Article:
A sixty three year old woman identified as Sally Challen is currently serving jail time in Send women’s prison in Surrey after being jailed in 2011 for beating her husband to death with a hammer, however, her son demands that she be released, stating that she killed his father, Richard Challen but she is not a murderer
According to her sons, David and James, their mother suffered for psychological abuse decades under their father who raped his wife and refused to allow her to have any friends
It was gathered that in August 2010, she used a hammer and beat up her husband 20 times on the head as he sat eating his breakfast in the couple’s £1 million house in Claygate, Surrey.
Afterwards, she wrapped his body in a curtain, left a note saying ‘I love you, Sally’, and the next day drove to notorious suicide spot Beachy Head. It took a chaplain two hours to talk her out of jumping
Speaking at campaigns against domestic violence and addressing feminists in conferences around the UK, David said;
‘While we do not justify our father’s killing, we are seeking to stop the lie that our mother is a murderer. She is not, the verdict was the wrong one. She deserves justice. People need to understand that she killed my father not because she is a bad person, but because he drove her to the edge,’
Though they appeared to be a happy and perfect couple from the outside, David became aware, from a young age, however, that things were not quite right in his parents’ marriage and not everyone’s Dad spoke to their Mum the way his did.
‘I could sense that there was something ‘morally wrong’ with my father. He was always putting my mother down, and talking to her like she was nothing,’
If someone commented that she looked like she lost weight, he would say: ‘You haven’t seen her without her clothes on.’ As a young child I would hear him call Mum ‘thunder thighs’, and I could see it upset her. It made me feel disgusted by his behaviour.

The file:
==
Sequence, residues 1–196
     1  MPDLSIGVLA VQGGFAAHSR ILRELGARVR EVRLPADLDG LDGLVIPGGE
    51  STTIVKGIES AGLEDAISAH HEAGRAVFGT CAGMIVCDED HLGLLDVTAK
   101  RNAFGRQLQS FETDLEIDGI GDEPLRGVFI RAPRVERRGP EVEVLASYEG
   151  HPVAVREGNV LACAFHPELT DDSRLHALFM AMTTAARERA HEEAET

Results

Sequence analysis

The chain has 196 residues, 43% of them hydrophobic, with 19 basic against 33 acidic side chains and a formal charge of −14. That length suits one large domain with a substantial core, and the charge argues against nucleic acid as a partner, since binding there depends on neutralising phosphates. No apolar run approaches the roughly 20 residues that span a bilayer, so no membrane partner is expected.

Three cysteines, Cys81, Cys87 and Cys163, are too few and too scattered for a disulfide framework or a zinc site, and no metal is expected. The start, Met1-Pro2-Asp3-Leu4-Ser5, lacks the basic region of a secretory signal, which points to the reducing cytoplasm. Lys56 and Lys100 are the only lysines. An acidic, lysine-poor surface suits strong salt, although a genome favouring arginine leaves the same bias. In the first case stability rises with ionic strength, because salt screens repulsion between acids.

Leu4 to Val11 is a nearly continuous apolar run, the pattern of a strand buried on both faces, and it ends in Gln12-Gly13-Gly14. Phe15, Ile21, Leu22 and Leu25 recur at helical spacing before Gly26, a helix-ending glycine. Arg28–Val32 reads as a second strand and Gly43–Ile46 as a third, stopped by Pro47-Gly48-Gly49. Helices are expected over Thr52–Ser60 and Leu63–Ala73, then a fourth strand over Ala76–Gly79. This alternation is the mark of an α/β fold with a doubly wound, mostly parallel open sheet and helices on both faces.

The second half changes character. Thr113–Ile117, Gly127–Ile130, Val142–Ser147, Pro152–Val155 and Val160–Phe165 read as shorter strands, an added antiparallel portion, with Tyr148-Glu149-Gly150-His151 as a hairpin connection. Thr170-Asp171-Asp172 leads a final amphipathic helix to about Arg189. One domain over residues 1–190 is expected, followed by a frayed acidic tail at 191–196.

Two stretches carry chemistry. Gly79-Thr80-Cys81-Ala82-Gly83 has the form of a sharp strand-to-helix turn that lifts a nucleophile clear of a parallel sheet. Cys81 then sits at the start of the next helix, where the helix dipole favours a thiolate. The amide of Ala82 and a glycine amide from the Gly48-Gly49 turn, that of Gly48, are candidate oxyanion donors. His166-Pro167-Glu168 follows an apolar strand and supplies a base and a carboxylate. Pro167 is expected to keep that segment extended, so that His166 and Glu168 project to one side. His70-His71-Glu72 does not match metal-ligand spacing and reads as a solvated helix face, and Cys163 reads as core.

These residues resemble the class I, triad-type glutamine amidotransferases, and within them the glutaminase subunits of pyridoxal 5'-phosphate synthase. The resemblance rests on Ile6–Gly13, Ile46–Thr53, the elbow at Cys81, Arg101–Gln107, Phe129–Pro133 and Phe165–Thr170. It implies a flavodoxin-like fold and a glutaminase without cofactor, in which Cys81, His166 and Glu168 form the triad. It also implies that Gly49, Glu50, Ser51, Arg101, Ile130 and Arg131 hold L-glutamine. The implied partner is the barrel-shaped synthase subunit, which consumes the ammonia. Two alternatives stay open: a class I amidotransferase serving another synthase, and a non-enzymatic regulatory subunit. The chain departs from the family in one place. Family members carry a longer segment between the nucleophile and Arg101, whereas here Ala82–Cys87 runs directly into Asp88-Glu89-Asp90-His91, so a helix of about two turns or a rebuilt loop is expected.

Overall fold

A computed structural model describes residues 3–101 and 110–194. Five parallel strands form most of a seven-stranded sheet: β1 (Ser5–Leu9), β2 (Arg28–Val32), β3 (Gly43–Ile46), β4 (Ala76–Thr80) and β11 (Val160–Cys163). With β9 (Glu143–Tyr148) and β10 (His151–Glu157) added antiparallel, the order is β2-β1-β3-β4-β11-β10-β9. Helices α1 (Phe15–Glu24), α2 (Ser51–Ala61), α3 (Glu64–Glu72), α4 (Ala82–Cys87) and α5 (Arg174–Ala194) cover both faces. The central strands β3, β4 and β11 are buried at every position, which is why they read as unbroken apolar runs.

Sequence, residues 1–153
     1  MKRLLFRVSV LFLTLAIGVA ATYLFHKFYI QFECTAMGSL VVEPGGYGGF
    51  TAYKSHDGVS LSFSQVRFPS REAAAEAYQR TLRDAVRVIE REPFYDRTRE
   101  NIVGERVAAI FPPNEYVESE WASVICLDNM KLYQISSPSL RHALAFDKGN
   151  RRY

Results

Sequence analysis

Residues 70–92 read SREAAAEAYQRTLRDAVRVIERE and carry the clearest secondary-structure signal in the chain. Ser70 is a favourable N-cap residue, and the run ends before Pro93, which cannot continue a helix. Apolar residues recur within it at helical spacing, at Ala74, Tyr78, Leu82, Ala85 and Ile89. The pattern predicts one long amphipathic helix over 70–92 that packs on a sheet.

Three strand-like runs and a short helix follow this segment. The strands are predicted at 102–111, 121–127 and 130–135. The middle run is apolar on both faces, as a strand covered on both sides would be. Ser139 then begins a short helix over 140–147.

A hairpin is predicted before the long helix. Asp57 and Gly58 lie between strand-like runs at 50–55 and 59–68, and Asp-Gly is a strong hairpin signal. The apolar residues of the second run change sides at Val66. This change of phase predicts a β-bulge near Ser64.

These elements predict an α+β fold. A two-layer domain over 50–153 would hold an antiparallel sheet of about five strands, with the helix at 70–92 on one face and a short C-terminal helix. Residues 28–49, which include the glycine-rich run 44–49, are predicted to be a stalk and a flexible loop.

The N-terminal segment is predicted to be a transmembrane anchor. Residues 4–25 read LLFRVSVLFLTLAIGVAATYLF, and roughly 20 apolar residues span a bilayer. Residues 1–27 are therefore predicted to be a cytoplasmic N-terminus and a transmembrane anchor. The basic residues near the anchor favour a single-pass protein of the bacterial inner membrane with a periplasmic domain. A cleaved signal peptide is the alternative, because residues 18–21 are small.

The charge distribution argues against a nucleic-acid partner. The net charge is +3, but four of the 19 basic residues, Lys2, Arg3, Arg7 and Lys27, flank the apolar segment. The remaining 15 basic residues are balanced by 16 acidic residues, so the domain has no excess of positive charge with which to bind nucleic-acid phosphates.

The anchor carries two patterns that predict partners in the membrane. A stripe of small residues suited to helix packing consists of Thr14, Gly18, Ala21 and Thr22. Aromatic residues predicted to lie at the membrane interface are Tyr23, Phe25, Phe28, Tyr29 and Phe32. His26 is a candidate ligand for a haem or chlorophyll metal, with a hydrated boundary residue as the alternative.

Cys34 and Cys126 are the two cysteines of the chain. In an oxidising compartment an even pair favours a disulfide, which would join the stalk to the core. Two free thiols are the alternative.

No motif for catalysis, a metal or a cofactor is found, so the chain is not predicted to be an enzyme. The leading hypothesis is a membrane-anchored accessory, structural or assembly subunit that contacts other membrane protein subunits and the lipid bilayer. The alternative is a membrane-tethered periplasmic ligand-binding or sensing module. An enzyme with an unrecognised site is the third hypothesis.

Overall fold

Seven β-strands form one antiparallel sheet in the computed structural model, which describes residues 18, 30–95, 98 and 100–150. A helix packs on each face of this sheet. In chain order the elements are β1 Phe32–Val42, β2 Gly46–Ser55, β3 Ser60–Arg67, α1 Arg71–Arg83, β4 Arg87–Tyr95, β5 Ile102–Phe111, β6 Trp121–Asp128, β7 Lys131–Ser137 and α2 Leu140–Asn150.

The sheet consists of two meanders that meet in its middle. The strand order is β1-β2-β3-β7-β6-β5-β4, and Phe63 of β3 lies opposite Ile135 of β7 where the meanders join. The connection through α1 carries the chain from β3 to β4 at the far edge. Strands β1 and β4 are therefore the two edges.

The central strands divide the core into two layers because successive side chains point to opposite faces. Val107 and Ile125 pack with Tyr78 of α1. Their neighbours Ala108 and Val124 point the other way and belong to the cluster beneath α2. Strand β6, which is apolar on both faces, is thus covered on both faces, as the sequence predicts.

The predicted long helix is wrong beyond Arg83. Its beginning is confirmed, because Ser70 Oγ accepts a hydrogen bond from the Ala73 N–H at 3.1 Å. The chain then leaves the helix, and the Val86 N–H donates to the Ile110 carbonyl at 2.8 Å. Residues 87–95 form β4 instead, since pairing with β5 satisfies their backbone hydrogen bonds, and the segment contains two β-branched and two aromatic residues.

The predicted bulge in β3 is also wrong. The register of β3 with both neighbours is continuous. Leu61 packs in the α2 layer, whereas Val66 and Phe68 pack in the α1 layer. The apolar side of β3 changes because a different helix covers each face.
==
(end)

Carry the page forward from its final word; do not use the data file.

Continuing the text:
‘She was constantly criticised for everything, from her cooking to the way she raised us. If we didn’t show good manners at the dinner table he’d say to my mother: ‘Why don’t you teach these children how to hold a knife and fork properly?’
The atmosphere in the house changed whenever he walked in with his criticisms of their mother.
‘I remember one time he threw all the food in the bin before a dinner party because he didn’t fancy being sociable that night, and forced Mum to cancel,’ .
One Christmas, Richard bought a red Ferrari and paid for a photo shoot with two topless models while he perched on the bonnet.
‘He decided to put the photograph in a frame on the mantelpiece in the living room, and sent the picture out to friends and family members as Christmas cards,’ says David. ‘I can only imagine how humiliating this was for Mum.’
She, in turn, became fixated with Richard’s ‘other women’ and constantly hacked into his phone to read his messages.
‘When I was about 17 I recall Mum being totally convinced he was doing something behind her back,’ says, David, ‘and I remember that she had loads of phone records to prove she wasn’t losing it. Yet he still denied everything, and accused her of going crazy.’
According to David and others who knew the family, Sally had been with Richard since she was 15 and was unable to compare her relationship with any other. This was her ‘normal’ and she adored her husband.
He explained that his mother wasn’t allowed friends and was expected to devote herself to her husband. She wasn’t allowed to speak to other people when they went out socially. She wasn’t allowed to see anyone on her own. Once, when Richard ‘caught’ Sally giving a mutual friend a goodbye hug, he took her upstairs and raped her.
When Sally was five her father died of a heart attack and her mother did not consider it appropriate for her daughter to pursue a career. Sally was expected to learn secretarial skills, marry and devote herself to her husband